“There are still too many organisations who do not have adequate control with the privileges they hand out to their users, a fact that attackers continue to exploit as they do not really have to worry about researching and finding victims with specific access,” continues Monrad.

As an example, recent FireEye reports based on aggregated statistics gathered from assisting breached enterprises point, out it takes an average of 146 days for them to realise they have been compromised. More importantly, in the case of more than half of these incidents, the organisations in question do not have the skills to detect threats themselves or even block an incident.

According to security specialist system integrator, Help AG, in the era of advanced persistent threats, users and organisations need to stop thinking of protection as a product, but rather start considering it as a process. These needs to be centred around three pivotal areas – awareness of the user, minimising attack surface, detecting the attack.

The highest level of global threat actors are state funded, who use advanced persistent threat activity, and have high levels of coordination and sophistication. They have a military type structure with very specific goals and do not have financial motivations. They do not run out of funds since they are state funded. The military type structure brings persistence and ability to develop sophisticated tools. These threat actors have a lot of time, with the ability to re-task, continuously perform reconnaissance against the adversary, continuously find and eventually get a way into those environments.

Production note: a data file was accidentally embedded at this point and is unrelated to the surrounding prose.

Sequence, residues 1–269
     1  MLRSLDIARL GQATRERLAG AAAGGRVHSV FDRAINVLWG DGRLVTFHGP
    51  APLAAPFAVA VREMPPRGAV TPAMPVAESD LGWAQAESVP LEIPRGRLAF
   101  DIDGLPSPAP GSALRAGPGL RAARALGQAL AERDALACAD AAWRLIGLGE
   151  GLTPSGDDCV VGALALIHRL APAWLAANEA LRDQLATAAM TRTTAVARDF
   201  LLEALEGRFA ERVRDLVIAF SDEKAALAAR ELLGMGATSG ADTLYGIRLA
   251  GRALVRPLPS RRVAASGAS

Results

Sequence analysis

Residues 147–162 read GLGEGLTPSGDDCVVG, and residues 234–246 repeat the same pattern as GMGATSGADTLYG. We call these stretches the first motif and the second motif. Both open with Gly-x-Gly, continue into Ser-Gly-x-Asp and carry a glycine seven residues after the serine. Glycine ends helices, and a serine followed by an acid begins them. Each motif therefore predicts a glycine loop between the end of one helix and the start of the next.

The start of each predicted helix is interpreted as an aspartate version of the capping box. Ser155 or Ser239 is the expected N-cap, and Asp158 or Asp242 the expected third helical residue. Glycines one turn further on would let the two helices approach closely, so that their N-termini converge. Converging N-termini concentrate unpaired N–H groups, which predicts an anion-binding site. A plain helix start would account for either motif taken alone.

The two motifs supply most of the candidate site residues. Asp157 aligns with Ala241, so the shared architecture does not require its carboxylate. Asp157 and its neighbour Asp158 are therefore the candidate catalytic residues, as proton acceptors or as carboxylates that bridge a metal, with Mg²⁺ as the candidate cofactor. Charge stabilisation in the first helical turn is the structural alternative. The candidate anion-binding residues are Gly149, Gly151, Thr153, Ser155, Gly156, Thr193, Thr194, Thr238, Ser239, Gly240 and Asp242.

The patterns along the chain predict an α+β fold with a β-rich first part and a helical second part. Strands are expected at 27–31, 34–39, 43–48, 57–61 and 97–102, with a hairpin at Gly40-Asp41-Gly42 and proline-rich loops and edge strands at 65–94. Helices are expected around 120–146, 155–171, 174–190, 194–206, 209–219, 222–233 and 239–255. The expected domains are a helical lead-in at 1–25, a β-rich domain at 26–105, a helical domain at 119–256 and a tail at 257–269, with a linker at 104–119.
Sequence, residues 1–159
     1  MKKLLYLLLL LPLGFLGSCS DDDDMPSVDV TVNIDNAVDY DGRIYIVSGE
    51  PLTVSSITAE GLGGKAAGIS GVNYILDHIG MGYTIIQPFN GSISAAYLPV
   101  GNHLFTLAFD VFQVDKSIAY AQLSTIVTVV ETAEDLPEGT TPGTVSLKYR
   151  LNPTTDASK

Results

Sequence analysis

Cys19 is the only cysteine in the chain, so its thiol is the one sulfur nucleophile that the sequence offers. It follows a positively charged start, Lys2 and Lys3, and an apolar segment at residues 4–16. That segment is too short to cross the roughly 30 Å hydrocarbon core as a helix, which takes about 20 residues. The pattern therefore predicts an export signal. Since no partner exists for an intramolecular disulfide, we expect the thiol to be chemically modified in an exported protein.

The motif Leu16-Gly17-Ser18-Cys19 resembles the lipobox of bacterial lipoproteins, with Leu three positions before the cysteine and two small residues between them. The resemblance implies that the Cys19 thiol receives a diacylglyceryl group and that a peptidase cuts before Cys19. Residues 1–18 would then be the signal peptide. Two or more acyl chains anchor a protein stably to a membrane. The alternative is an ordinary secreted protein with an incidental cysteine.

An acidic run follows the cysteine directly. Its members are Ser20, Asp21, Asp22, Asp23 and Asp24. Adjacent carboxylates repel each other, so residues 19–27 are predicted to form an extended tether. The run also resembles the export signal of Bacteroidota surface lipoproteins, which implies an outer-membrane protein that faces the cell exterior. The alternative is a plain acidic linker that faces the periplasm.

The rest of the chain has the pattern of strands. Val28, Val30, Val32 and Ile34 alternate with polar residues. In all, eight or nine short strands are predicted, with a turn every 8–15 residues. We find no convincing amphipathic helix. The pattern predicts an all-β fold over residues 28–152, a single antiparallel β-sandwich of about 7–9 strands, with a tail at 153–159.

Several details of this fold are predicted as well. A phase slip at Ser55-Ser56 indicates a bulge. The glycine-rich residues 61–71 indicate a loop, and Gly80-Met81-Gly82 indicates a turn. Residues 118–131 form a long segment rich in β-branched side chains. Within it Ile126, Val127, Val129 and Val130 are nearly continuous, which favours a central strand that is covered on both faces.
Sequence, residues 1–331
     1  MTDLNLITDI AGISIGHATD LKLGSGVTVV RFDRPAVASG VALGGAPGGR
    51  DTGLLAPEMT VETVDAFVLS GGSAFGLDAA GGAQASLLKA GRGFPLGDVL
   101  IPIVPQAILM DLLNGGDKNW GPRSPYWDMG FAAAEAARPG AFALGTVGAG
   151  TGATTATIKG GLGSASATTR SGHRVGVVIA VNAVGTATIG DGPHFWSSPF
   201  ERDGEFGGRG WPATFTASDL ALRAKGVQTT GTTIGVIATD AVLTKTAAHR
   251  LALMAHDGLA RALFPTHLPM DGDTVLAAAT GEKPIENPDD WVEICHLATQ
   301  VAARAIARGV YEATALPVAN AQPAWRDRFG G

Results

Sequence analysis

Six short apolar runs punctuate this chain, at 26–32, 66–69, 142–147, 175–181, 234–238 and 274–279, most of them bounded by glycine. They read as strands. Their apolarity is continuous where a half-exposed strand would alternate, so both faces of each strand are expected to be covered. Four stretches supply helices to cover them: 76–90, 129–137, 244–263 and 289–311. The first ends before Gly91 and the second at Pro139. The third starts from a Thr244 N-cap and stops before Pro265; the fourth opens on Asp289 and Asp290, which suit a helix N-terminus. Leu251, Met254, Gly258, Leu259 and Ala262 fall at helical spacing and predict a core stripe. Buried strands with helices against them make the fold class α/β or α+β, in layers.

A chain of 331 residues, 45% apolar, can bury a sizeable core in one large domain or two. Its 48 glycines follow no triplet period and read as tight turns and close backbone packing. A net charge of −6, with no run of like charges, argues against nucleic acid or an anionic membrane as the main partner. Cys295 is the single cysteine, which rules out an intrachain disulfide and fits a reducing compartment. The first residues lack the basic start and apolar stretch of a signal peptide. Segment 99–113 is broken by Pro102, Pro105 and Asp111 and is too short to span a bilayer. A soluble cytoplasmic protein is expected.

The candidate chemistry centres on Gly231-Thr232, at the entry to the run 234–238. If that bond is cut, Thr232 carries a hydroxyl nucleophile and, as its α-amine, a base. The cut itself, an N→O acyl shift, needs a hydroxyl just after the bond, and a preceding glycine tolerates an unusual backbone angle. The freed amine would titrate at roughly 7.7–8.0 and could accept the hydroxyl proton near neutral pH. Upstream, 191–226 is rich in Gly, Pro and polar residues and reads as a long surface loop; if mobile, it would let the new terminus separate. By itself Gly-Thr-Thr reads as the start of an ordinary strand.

While advanced persistent threats are advanced in nature, they involve a lot of reconnaissance and it does not necessarily mean that the initial execution or reconnaissance is quick. Threat actors may spend several months probing and trying to understand how to get in. However when you want to look at the speed of execution, we have seen cases where in seven minutes the execution of the attacks started, files were retrieved, log files removed, and the adversary was out. That is how fast they can be, stresses Davis